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More than 300 tenants at 2 Toronto apartment buildings have stopped paying rent


More than 300 tenants at two apartment buildings in Toronto have been withholding their rental payments for weeks, claiming their landlord is failing to abide by rent control regulations.

On Saturday morning, roughly 100 tenants and union representatives rallied in front of 33 King Street in York-South Weston to bring awareness to the strike. The tenants marched from the buildings to the offices of both Local MPP, Michael Ford's office and Federal Housing Minister, Ahmed Hussen's office.

"I [moved] into my bachelor at $500, it's now almost $1,000," Elizabeth Thompson, a tenant who is retired living on a pension, told CTV News Toronto.

"I'm making ends meet, that's all I can say, at the end of the month is the next month, and the next month,” Thompson said.

The York-South Weston Tenants Union told CTV News Toronto that, in total, 220 tenants from King Street and almost 100 from John Street have joined the strike. King Street started in June and John Street started earlier this month, they said.

"We've experienced rent increases up to 25 per cent in 2019," said Anthony Alao, who lives at John Street with his two-year-old and wife, "crazy, unfair rent increases that has been making us decide if we're going to be paying our rent on time or maybe if we're going to be having food on our table," he said.

Residents say along with the rent increases, there has been a loss of amenities.

Alao said his building's elevators have not been working on and off for the last three years.

"[Two pregnant women] had to take the stairs. One from the 27th floor down to the 4th floor and the second was from the 17th floor to the 4th floor when they were due for delivery," he said.

Tenants march down Weston Road in Toronto. (Allison Hurst/CTV News Toronto)

Beverly Henry said at King Street their balconies are under repair, so they can't be used and the pool is closed.

"We are paying for things we are not getting," she told CTV News at the rally. "These corporate landlords are getting away with too much."

Residents say they're fed up with above-guideline rent increases (AGIs).

Ontario landlords of rent-controlled buildings can increase rent up to 2.5 per cent without making an application to the Ontario Landlord Tenant Board  (LTB). Anything higher than that is considered an ‘Above Guideline Rent Increase' and must be approved by the LTB.

According to the Residential Tenancy Act, a landlord can apply for these rent increases if, "the landlord's costs for municipal taxes and charges have increased by an 'extraordinary' amount", for "significant renovations, repairs, replacements or new additions to the building or to individual units", and if the "landlord's costs for security services increased, or the landlord began providing security services for the first time."

"If they're renovating they should use our rents to renovate," said Henry.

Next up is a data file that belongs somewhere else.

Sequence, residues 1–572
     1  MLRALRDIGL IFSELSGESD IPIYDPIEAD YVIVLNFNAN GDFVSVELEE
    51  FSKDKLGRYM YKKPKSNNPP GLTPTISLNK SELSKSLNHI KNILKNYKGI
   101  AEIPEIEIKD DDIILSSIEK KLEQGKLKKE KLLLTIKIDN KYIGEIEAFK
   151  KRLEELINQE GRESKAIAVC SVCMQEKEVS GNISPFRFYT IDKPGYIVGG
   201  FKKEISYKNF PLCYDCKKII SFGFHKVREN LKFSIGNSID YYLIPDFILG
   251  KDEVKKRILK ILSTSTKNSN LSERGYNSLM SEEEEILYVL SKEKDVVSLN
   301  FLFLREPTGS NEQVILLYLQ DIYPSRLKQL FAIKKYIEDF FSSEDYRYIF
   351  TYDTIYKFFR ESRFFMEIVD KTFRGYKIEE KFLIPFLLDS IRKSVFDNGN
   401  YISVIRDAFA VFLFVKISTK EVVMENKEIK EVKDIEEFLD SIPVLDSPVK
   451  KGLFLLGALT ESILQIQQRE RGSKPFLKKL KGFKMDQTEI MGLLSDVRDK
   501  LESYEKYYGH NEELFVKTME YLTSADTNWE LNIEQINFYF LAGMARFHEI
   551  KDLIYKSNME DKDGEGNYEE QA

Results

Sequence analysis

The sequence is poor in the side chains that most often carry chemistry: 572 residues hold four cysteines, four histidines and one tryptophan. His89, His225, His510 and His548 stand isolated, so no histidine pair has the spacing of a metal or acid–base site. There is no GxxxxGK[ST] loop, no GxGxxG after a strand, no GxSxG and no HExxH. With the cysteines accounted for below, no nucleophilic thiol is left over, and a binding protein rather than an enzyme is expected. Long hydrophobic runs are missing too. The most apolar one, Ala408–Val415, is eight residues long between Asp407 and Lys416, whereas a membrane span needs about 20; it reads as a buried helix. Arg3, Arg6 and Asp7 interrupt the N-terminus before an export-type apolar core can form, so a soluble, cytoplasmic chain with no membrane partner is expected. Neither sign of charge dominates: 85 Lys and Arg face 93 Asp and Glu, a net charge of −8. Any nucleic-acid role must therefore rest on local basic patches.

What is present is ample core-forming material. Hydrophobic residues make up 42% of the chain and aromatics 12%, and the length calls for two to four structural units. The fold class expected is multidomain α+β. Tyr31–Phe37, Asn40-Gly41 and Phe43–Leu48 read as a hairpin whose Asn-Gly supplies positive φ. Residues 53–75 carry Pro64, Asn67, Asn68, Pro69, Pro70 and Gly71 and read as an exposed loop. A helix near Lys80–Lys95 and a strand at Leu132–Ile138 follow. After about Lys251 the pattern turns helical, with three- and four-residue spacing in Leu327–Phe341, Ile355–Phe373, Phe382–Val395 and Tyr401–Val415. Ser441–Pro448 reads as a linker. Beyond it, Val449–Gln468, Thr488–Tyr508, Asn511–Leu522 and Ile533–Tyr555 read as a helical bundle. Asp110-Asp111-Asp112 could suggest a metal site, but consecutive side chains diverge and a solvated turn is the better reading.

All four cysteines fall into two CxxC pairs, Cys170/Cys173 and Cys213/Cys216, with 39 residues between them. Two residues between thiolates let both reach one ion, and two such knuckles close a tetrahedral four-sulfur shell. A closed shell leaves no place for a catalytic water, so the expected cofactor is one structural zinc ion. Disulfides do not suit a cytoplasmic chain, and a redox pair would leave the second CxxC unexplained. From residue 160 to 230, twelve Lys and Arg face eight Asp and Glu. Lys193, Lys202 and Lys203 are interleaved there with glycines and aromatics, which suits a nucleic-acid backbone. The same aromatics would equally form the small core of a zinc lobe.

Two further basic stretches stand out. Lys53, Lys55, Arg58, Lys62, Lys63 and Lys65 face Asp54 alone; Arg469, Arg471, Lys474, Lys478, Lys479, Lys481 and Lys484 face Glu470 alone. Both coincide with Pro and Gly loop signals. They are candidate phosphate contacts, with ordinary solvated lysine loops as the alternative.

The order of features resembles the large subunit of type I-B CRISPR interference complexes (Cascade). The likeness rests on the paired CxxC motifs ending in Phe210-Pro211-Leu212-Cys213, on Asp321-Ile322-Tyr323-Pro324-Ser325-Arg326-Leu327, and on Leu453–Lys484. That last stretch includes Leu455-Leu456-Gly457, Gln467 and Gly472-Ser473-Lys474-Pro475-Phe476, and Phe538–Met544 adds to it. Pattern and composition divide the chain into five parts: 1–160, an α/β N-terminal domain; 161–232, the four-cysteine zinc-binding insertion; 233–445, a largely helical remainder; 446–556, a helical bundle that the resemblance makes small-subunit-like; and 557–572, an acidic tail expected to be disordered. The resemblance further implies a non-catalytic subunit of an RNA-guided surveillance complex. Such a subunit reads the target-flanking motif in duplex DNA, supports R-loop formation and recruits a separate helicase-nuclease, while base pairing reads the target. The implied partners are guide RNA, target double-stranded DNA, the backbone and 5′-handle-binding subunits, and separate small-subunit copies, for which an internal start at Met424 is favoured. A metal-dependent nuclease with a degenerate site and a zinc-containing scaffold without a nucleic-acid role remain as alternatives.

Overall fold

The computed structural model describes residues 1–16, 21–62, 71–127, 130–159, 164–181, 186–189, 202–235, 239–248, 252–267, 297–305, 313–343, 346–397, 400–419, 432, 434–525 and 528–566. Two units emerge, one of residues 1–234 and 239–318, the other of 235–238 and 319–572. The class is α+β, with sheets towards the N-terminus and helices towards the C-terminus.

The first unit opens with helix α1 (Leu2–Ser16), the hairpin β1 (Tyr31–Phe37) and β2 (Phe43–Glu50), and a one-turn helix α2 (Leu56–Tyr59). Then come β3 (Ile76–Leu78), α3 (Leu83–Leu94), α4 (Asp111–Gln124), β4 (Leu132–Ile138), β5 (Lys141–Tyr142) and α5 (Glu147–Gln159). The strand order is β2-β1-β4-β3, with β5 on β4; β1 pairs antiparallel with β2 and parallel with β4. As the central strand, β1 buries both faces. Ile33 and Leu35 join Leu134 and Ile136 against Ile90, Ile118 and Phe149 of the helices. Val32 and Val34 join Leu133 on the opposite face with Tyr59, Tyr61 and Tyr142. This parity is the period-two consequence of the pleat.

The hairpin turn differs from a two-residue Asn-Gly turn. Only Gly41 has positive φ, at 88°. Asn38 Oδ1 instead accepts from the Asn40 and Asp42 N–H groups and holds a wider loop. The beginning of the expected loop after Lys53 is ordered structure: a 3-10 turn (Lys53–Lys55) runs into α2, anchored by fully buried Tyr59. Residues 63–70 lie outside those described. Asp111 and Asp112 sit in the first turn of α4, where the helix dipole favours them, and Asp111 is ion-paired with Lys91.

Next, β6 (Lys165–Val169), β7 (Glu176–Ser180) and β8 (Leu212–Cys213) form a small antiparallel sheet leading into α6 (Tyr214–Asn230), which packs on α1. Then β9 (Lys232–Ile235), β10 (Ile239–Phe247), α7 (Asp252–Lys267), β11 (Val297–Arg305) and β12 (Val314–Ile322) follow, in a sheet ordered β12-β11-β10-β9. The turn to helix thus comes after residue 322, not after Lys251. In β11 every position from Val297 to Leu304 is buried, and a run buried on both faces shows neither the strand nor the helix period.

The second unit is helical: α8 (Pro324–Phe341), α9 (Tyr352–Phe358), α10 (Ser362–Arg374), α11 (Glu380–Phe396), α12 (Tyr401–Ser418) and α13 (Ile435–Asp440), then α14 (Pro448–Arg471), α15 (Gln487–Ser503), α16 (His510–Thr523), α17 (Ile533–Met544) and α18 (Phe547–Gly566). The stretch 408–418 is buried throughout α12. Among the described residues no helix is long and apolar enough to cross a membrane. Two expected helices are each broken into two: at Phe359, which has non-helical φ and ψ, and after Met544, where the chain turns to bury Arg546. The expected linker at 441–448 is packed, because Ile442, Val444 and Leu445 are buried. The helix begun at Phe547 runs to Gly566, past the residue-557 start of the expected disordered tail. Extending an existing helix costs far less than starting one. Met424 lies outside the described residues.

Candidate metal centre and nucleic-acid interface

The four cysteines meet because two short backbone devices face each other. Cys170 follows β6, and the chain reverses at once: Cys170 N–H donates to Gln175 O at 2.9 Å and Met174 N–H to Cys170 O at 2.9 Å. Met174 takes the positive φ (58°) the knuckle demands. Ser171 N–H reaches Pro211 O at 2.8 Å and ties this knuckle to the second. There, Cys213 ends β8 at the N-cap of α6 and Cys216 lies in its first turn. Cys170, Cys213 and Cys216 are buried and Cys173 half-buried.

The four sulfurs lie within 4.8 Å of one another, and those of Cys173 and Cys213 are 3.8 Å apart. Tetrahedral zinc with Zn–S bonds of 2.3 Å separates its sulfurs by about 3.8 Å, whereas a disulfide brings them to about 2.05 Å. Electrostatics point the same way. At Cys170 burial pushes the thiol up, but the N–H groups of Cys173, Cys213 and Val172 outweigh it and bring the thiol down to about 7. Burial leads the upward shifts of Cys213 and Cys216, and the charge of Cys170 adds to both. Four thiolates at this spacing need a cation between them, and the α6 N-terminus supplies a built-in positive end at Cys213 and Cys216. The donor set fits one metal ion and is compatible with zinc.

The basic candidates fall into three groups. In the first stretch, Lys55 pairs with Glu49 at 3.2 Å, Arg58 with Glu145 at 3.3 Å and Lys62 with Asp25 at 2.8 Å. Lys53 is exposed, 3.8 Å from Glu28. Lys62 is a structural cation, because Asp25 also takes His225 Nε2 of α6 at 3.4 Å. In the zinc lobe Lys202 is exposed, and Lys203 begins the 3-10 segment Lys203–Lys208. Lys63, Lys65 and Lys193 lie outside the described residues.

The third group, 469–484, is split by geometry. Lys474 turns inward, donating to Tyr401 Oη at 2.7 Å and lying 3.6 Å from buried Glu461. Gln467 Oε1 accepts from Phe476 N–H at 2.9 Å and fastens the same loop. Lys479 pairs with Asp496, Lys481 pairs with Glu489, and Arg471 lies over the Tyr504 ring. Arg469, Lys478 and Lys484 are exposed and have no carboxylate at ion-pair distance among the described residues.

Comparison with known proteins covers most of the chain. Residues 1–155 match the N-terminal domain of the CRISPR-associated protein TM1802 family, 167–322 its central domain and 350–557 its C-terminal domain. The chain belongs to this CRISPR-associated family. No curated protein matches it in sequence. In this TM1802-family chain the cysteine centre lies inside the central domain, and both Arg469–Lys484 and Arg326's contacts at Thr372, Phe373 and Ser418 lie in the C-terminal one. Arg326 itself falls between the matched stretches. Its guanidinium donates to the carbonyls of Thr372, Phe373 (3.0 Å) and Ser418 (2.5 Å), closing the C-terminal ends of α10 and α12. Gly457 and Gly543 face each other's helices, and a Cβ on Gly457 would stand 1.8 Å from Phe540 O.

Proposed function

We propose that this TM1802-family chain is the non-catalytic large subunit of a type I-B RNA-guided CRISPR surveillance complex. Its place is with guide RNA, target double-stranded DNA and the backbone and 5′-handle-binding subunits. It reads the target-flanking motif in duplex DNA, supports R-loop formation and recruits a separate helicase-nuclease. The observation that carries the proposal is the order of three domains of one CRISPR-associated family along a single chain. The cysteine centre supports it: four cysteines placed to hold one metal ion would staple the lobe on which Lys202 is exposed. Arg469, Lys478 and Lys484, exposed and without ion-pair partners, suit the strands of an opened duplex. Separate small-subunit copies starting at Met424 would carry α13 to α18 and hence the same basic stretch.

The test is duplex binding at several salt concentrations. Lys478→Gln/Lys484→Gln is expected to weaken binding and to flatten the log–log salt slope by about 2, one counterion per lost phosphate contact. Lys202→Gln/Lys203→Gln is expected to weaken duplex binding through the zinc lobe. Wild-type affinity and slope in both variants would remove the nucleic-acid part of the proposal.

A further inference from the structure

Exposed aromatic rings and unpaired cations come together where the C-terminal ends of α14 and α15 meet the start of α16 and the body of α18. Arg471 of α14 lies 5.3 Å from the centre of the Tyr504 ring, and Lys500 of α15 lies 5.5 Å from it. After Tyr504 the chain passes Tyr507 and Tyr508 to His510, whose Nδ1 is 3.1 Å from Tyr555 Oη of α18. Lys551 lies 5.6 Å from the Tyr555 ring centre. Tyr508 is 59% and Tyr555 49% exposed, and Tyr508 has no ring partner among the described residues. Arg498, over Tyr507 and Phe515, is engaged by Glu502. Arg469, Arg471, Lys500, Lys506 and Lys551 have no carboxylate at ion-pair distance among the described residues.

"People have seen rent increases that are three or four times above rent control," rally organizer Bruno Dobrusin said. "This building is supposed to be rent controlled."

Dream Unlimited, the landlord of the two buildings, sent CTV News a statement saying that 40 percent of the King Street building is now affordable housing and therefore exempt from the AGIs.

"The AGIs that are impacting the other 60 percent of the building was inherited by the previous owner for work completed prior to our acquisition, in 2016-2018," Hero Mohtadi, VP of residential operations and asset management, told CTV News Toronto.

"We’ve been working hard to resolve these AGIs and recently settled the prior owner’s 2018 AGI application, which included a significant reduction from the original ask."

Mohtadi said that construction has been "focused on ensuring the long-term viability and safety of the building," but that the work is independent of any AGI and that Dream Unlimited has not applied for any AGI for this work.

As for the balconies, he said the installation is critical for safety given the age of the building.

"As we work towards resolving the prior owner’s AGIs, we have made repeated offers to develop individual payment plans for residents," Mohtadi said. "To date, only 30 out of 239 residents have requested any sort of assistance.

In terms of the John Street building, it was also acquired the same year as King Street was, in 2021.

"As the building was occupied after 2018, West22 does not fall under the purview of the provincial rent increase guidelines," Mohtadi said. "We understand that affordability is a concern for many individuals and families, and have strived to keep the lease rates at West22 significantly lower than the market value. Even with recent increases, rents at West22 are still 30 per cent below market standards.

Dobrusin said they've met with the landlord before but that it didn't come with any solutions. Their goal is after this rally there might be more momentum.

"We're hoping after today's rally they're going to agree to sit down and negotiate a real agreement with tenants," Dobrusin said.

And they hope local government representatives will lend their voices.

Roughly 100 tenants and union representatives rallied in front of 33 King Street in York-South Weston, demanding the landlord respect rent control. (Allison Hurst/CTV News Toronto) Top Stories

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